Worst bond fund returns of 2019
With corporates leading the industry’s top-performing fixed income funds of 2019, it’s no surprise government bonds were among the worst.
Unlike those with the biggest gains, all of the 20 bond funds with the lowest returns last year focused on government debt, according to Morningstar Direct. The funds, home to a combined $116 billion in assets under management, expectedly suffered as a result of the low interest rate climate, according to Bankrate senior analyst Greg McBride.
“In a year when interest rates decline, like 2019, the bond funds with the lowest returns are going to be shorter-term bond funds because they don’t see the price appreciation of longer-maturity bonds,” McBride says.
Nearly all of last year's worst-performing fixed income funds shorted municipal bonds and Treasurys, data show. With an average gain of less than 2%, these funds were significantly outpaced by the broader Bloomberg Barclays Aggregate Bond Index’s 8.46% gain, as measured by the iShares Core US Aggregate Bond ETF (AGG).
Fees, however, were lower than the broader fund industry. With an average net expense ratio of 0.33%, these bond funds were right on target with the top-performers’ average fee of 33 basis points, but 0.15% cheaper than the 0.48% investors were charged, on average, for fund investing last year, according to Morningstar’s most recent annual fee survey, which reviewed the asset-weighted average expense ratios of all U.S. open-end mutual funds and ETFs.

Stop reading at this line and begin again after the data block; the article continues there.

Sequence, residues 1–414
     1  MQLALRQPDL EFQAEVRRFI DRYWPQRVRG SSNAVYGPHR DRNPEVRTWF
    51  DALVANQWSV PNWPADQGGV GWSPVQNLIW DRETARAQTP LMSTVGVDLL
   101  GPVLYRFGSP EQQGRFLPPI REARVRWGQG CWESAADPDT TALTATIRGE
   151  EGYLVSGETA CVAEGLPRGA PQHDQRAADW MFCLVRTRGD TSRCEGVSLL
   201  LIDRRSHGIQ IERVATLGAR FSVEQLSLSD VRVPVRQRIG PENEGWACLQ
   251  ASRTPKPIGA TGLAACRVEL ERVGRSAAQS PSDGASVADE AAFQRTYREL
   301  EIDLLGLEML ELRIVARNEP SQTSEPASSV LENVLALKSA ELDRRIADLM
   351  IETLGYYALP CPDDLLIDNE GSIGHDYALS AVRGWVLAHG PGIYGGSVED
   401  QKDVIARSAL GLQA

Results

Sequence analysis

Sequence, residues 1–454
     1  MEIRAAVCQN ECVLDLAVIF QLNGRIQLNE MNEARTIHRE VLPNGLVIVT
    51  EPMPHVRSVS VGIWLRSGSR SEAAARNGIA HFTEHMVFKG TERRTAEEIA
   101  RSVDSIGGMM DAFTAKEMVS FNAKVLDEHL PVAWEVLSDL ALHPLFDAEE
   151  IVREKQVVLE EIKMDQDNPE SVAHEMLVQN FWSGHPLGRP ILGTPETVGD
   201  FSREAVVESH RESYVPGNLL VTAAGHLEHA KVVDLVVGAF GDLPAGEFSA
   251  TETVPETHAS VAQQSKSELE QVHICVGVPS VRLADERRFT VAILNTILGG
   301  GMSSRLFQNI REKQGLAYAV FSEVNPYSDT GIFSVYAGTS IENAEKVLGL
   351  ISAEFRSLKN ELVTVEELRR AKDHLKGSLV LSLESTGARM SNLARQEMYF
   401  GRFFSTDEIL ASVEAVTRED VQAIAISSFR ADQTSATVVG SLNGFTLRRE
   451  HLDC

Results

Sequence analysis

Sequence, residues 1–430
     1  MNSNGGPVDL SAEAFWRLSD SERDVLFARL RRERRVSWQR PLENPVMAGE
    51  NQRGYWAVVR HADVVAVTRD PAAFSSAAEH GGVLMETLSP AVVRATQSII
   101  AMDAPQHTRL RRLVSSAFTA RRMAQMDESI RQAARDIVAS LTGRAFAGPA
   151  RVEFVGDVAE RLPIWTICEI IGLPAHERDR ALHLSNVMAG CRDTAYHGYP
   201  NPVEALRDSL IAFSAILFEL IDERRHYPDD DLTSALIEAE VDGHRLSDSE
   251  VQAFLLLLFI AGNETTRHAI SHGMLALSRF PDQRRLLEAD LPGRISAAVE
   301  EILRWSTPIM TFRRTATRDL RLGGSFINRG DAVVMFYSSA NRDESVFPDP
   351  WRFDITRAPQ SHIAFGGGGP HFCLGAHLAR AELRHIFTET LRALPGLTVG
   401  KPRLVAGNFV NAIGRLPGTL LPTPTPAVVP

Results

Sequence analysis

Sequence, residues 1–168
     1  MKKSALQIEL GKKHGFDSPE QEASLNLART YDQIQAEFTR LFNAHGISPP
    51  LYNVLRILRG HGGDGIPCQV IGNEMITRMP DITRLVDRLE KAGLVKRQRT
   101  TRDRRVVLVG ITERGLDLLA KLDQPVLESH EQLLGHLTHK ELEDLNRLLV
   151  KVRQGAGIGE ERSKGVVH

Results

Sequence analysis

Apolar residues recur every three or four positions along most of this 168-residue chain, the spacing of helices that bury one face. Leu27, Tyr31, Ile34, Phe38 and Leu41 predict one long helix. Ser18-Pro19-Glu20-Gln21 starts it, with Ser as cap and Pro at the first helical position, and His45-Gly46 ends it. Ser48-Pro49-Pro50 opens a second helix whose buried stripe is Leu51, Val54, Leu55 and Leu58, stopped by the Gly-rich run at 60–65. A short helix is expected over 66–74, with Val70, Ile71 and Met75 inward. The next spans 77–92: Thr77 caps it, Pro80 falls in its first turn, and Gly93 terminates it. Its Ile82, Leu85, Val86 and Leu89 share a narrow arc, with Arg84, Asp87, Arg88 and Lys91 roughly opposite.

The largest bond fund, the $248.6 billion Vanguard Total Bond Market Index Admiral Shares (VBTLX), had a 0.05% expense ratio and 8.71% return in 2019, data show. (On the equity side, the biggest overall fund, the $897.7 billion Vanguard Total Stock Market Index Fund Admiral Shares (VTSAX), had a 0.04% expense ratio and a 30.8% return over the same period.)
“All else being equal, short-term bond funds tend to have lower returns than longer-term bond funds because of lower coupon rates,” McBride explains. “But the lower returns are particularly pronounced in a year where interest rates decline as higher duration bonds get a bigger boost in value, relatively speaking.”
Scroll through to see the 20 fixed-income category mutual funds and ETFs with the worst returns as of 2019. Funds with less than $500 million in AUM and investment minimums over $100,000 were excluded, as were leveraged and institutional funds. Assets and expense ratios for each, as well as three-year net flows and year-to-date returns, are also listed. The data shows each fund's primary share class. All data from Morningstar Direct.